*2 In Sugimoto, the monoclonal antibodies being produced bore no particular similarity to the antibodies produced in the reference relied on by the examiner, i.e., the stimulating immunogens were not particularly related, whereas in Erlich they were two different types of interferon. The facts in the present case would seem to lie somewhere between. The examiner has relied on the Brandt disclosure to illustrate the fact that MIF was known to be used in processes to produce polyclonal antibodies. By citing the Erlich case, she has in effect made of record the fact that the hybridoma technique of producing monoclonal antibodies had been applied to various types of interferon, which have in common with Brandt's and the here claimed MIF that they are of the class of substances known as lymphokynes. Both the Erlich and Sugimoto decisions are consistent, as this one shall be, with our reviewing court's recognition that methods for obtaining and screening monoclonal antibodies were well known in 1980.
Appellants have correctly stated in their specification (page 4), with regard to the application of the hybridoma technique, that "with each new example specific problems arise that require adaptation of the technique to the particular case." The legal issue reflected in that statement is whether or not the adaptations required involve the application of more than ordinary skill in the relevant art, i.e., would not have been obvious under 35 U.S.C. 103. In the present case, despite appellants' arguments in the brief and reply brief, we find that no convincing evidence has been presented that any unobvious adaptations were required.
The use of conjugates with sheep erythrocytes was disclosed in appellants' specification (page 14) only as a preference. This does not support appellants' present arguments that such use was essential to their success, and this inconsistency could give rise to some question of the enabling nature of appellants' specification. Even if appellants' disclosure did support their present argument, the adaptation relied on probably would not require a conclusion of unobviousness. We have supplemented the record with the Goding review article to illustrate that it was already known that "soluble proteins are often very poorly immunogenic in aqueous solution" and that it was generally known to use "some kind of adjuvant" to boost immunogenicity. The Kohler reference itself illustrates that sheep erythrocytes were known to be highly immunogenic. Thus, their use as conjugates for the MIF per se could have been considered an obvious technique. We should emphasize, however, that appellants' argument based on this issue has been found to be unpersuasive because of its lack of support in the specification or anywhere else on the record, and we have elaborated on this issue mainly in the event that this subject matter should be further prosecuted before the examiner, e.g., in a continuing application.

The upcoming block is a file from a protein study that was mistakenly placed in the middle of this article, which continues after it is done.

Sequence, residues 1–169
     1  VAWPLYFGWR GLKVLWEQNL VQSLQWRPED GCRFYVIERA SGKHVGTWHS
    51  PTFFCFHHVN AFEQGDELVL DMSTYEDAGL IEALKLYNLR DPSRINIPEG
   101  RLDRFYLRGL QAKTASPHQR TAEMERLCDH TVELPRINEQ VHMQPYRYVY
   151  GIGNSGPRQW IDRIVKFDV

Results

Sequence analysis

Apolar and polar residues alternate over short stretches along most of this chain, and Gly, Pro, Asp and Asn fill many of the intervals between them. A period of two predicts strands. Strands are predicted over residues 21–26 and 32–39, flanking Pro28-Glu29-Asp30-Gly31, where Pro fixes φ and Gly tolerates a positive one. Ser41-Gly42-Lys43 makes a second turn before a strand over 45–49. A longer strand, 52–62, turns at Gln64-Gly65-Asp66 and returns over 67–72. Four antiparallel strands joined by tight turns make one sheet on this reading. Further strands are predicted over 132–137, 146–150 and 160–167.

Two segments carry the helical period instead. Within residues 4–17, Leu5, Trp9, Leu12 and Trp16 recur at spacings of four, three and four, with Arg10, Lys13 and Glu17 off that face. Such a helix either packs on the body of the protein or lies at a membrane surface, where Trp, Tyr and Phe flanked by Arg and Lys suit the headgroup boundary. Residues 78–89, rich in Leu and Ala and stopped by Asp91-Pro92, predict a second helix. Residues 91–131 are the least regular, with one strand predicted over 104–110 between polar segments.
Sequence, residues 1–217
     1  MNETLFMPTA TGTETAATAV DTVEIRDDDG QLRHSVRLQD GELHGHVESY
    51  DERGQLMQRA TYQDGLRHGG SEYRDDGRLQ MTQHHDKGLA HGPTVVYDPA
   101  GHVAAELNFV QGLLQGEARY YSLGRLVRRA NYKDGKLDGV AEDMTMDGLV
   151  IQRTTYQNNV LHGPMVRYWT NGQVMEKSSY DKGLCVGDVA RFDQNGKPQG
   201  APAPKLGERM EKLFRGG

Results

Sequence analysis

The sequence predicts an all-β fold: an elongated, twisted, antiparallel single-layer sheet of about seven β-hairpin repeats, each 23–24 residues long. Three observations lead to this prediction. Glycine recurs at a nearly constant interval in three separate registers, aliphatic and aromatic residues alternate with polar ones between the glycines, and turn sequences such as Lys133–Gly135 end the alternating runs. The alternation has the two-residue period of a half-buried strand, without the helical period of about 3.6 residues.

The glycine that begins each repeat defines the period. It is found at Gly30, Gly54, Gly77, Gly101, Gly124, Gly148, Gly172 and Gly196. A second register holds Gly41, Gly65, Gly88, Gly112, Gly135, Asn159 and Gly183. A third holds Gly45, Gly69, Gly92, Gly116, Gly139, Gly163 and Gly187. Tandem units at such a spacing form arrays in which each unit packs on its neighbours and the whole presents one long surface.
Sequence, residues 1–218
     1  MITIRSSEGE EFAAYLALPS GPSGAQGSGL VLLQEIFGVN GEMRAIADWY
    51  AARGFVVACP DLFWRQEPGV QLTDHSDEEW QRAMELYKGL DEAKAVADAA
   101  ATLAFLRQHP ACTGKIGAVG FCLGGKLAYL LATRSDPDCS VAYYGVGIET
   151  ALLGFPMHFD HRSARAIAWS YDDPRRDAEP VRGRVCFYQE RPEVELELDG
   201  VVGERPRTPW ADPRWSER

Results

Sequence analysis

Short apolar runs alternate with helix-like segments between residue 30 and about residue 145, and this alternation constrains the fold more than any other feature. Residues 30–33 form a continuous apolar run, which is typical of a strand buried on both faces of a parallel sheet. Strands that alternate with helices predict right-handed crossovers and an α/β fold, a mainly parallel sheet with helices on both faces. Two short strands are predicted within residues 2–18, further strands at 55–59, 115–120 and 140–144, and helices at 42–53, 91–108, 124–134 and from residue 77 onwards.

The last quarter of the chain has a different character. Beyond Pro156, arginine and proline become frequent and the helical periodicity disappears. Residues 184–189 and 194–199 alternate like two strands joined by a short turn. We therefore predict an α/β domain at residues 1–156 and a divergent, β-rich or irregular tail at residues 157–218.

*3 In a similar fashion to the issue discussed above, appellants' arguments concerning the criticality of the use of a specific multistep screening procedure for hybridomas is completely inconsistent with their disclosure at page 16 of the specification, which clearly sets forth that any one of a number of generally known assays may be used, alone or in combination.
For the reasons given by the examiner in the answer on appeal and those discussed above, the rejection of all of the claims on appeal is affirmed.
No time period for taking any subsequent action in connection with this appeal may be extended under 37 CFR 1.136(a). See the final rule notice, 54 F.R. 29548 (July 13, 1989), 1105 O.G. 5 (August 1, 1989).
BOARD OF PATENT APPEALS AND INTERFERENCES
John T. Goolkasian
William F. Smith
FN1. Appellants' en cognizance of this fact in their reply brief.